union at the time nine eleven hadn't happened yet and the rise of violent extremism was not something that was on anyone's radar screen so we were able to declassify a lot of information that would have been more difficult to classify in the eighty's or even a decade after we did our work but i do think there's too much classification i think presidential standards about what should be classified need to be reviewed very carefully to make sure that over classification doesn't occur because if you're a researcher and you're trying to get a copy of a document that's been classified you have to use a freedom of information act you might get something but it's going to be heavily redacted it's probably not going to help you understand the situation very well even though the information clearly could be released.
and five minutes left but as a senior federal judge you know have you encountered issues with your classification in your courtroom. but you can speak of obviously were public transparency had to take a backseat to to the german or exaggerated or secrecy concern that you felt maybe that this didn't need to be classified and this is actually in the ring you know our ability to properly you know and not just us in this country. well i think it's somewhat unusual here in minnesota for us to get cases involving classified records except for terrorism cases and then it usually involves a bit of a fight between the intelligence agencies and the judge and i've done this myself as to what can be used during a trial and therefore seen by a jury. you know if we can declassify those records. largely surveillance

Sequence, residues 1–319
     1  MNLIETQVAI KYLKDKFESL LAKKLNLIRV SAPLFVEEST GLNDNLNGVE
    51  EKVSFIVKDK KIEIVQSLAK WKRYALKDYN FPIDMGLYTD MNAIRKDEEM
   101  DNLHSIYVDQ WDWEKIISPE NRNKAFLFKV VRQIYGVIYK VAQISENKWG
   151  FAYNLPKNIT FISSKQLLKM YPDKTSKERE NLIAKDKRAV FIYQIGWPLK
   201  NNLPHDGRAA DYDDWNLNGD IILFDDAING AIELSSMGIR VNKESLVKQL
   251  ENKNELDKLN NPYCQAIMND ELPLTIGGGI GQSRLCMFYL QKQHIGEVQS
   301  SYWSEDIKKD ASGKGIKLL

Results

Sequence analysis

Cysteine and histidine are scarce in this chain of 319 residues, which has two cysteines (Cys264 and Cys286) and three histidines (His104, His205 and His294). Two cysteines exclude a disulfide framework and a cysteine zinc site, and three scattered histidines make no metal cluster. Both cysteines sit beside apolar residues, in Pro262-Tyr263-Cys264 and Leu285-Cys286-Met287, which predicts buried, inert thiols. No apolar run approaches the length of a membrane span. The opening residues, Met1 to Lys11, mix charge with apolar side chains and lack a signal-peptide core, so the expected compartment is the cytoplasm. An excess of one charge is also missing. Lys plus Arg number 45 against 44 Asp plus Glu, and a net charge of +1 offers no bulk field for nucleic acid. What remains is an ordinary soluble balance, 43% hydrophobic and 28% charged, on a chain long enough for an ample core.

intelligence records on suspected terrorists who later get charged then we can have a much better open trial and people can understand where the information came from when there's a fight over a classification sometimes it involves charges being dropped because the government doesn't want to release classified information so i think that's hampering effective prosecutions in some cases. i think that most of the time we don't see information like that weird we try very hard not to seal information so it is available to the public where a public court system in the public should be able to see what we are doing i couldn't agree more. united states district judge of the u.s. district court for the best. judge to turn thank you so much for coming on that day and. back on again. much like to do that. when it comes to the storable impact of empire and war no region remains as deeply